from 248 to 65 million years ago

Introduction: At the beginning of the Mesozoic Era all the continents moved together to form a huge supercontinent, Pangaea. This meant, for example, that animals of the Mesozoic living in what is today east Africa could stroll over to Brazil without getting their feet wet! As time went on, Pangaea split up and continents went their own way, severing links among previously connected land masses. Although during most of the Paleozoic Era the land was barren, by the beginning of the Mesozoic there were forests and swamps; and plants dominated the land. Animals on land and in the ocean, however, were struggling to recover from the great Permian extinction which marks the end of the Paleozoic Era. The mammal-like reptiles (therapsids) that flourished in the Permian Period, had been decimated in the extinction, yet a few species held on until the middle of the Mesozoic when their kind left the Earth forever. But other animals recovered their numbers and/or evolved into a great variety of different forms, claiming niches left vacant by extinct species.

Life: In the ocean, many new kinds of fishes appeared as well as swimming reptiles; and mollusks became very prominent. It was during this time of rapid species radiation that the first mammals appeared. They were small and hid in the shadows of the great dinosaurs which already dominated the land. Dinosaurs emerged during the early Mesozoic and were very diversified by the end of the Mesozoic:   they ranged from small, foraging species to enormous herbivores and carnivores.

Plants also came into their own. By the end of the Mesozoic, flowering plants arrived and quickly overran the dominating conifers as rulers of the land flora. This shift was not only aesthetic (by our human sensibilities!) but it was a major step in evolution. The reproductive strategy of conifers is to produce as much pollen as possible, depend on the wind to blow it in all directions, and hope for the best. The newly evolved flowering plants, however, depended primarily on insects and other animal vectors to disperse their pollen for reproduction. This method was less random and the plants did not have to put so much energy into making huge amounts of pollen. Thus the co-evolution of species became an important evolutionary pressure.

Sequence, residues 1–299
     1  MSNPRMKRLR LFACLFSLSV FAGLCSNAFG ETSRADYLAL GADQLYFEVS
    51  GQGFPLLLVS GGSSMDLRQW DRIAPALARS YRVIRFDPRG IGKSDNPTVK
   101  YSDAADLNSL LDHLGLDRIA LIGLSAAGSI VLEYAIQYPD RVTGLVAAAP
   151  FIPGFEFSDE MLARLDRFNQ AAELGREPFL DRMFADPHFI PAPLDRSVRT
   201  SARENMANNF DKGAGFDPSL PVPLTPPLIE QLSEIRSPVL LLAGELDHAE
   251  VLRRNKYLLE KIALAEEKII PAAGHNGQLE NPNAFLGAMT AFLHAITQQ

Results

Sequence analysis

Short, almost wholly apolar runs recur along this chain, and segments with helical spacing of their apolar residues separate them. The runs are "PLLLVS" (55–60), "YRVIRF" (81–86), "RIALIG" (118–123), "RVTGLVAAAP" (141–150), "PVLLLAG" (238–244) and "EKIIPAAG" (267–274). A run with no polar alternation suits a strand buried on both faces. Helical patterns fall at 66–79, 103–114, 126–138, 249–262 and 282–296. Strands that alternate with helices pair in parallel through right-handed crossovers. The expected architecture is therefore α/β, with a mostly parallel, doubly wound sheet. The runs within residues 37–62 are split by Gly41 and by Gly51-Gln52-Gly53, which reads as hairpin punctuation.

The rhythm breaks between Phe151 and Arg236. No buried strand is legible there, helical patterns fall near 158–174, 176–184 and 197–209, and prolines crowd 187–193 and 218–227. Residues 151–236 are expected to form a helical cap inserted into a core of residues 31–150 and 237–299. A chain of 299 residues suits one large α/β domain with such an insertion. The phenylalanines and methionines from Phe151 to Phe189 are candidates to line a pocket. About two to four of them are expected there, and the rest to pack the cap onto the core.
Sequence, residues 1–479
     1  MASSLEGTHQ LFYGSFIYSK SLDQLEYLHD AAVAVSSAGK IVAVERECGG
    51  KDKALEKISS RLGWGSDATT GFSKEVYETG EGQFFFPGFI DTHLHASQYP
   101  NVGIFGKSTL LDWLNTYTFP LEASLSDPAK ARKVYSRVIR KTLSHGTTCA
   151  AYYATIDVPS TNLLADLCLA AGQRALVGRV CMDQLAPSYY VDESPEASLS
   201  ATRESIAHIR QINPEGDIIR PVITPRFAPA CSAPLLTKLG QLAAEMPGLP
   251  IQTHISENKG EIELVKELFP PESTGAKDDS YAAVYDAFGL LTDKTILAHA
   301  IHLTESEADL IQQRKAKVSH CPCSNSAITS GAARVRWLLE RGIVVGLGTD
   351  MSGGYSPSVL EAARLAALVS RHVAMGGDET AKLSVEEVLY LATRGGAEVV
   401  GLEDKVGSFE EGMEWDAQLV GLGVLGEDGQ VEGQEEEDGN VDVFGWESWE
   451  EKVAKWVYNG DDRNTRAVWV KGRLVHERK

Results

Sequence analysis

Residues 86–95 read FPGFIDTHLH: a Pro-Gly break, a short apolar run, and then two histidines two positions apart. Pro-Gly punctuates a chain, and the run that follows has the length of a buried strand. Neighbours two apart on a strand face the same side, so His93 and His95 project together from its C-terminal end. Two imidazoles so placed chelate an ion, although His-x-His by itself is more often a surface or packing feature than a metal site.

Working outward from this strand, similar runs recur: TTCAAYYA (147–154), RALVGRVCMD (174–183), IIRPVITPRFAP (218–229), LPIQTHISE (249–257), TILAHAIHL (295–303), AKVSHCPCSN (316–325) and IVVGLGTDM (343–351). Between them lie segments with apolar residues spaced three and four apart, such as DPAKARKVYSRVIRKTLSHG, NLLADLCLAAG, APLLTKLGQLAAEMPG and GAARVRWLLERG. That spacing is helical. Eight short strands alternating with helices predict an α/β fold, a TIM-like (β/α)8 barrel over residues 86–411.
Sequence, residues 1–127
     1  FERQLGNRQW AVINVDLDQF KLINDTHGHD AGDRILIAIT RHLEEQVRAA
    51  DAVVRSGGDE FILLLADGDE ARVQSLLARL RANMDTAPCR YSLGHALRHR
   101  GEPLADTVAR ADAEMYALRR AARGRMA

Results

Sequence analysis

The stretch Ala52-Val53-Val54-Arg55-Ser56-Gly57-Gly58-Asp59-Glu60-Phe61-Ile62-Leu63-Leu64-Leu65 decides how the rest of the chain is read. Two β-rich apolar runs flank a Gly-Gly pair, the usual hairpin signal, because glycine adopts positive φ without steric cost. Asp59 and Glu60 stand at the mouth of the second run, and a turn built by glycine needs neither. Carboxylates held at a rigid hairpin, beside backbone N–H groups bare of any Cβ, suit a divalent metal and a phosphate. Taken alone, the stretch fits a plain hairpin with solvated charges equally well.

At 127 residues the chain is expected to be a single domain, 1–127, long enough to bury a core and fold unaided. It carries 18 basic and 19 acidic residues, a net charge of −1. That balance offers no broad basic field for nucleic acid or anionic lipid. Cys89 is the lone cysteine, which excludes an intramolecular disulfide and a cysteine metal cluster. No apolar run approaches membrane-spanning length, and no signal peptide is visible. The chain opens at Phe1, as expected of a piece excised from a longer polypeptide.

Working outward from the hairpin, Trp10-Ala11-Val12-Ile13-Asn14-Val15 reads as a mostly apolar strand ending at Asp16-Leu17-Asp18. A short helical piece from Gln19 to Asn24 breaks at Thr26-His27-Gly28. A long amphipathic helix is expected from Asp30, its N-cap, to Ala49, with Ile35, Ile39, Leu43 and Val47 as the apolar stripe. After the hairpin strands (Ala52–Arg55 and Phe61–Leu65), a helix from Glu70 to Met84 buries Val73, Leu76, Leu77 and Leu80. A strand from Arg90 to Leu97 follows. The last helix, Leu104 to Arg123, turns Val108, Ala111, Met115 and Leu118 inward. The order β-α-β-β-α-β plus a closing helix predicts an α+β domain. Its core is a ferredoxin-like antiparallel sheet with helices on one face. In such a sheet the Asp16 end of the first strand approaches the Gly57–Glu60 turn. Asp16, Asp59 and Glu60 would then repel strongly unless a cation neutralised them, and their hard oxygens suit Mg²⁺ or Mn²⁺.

The first birds, evolved from dinosaurs, appeared at the end of the Jurassic Period. Scaly reptile skin transformed into feathers. This modification was entirely different from the flying reptiles of the time, the Pterosaurs, whose stretched skin between their fingers gave them flight.

Death: Sixty-five million years ago (the end of the Cretaceous Period), 183 million years after the Permian extinction and the beginning of the Mesozoic Era, a cataclysmic event occurred which resulted in the extinction of the dominant dinosaurs as well as many species of plants and animals on land and in the ocean. The evidence to date points to an impact with a comet or asteroid about 10 km in diameter, just off the coast of what is today the Yucatan peninsula in Mexico. It left a crater 200 km across. The incoming object (speed between 100,000 and 250,000 km/hr) tore a superheated path through the air, and the violent impact that followed caused supersonic shock waves that reached as far as Canada within minutes. The shock waves and superheated air started fires from Mexico to Canada. The resultant ash would have darkened the sun for at least a year and possibly more. Which consequence of the impact was most responsible for the extinction of the dinosaurs is not yet clear, but that the two events coincided is now certain.

The disappearance of the dinosaurs allowed the small mammals to radiate into vacated niches in the ecosystem. During the subsequent Cenozoic Era, mammals, particularly humans, rose to dominate the Earth. One might wonder what Earth would be like today had the dinosaurs survived. It is thanks to the destructive impact at the end of the Cretaceous Period that mammals flourished and the meek inherited the Earth. And so, the Cenozoic Era is also known as the Age of Mammals.


Note: The Mesozoic Era is divided into three periods: Triassic , Jurassic , and Cretaceous. Click on the period buttons to see maps showing where the continents were and the kinds of life present during each of these periods.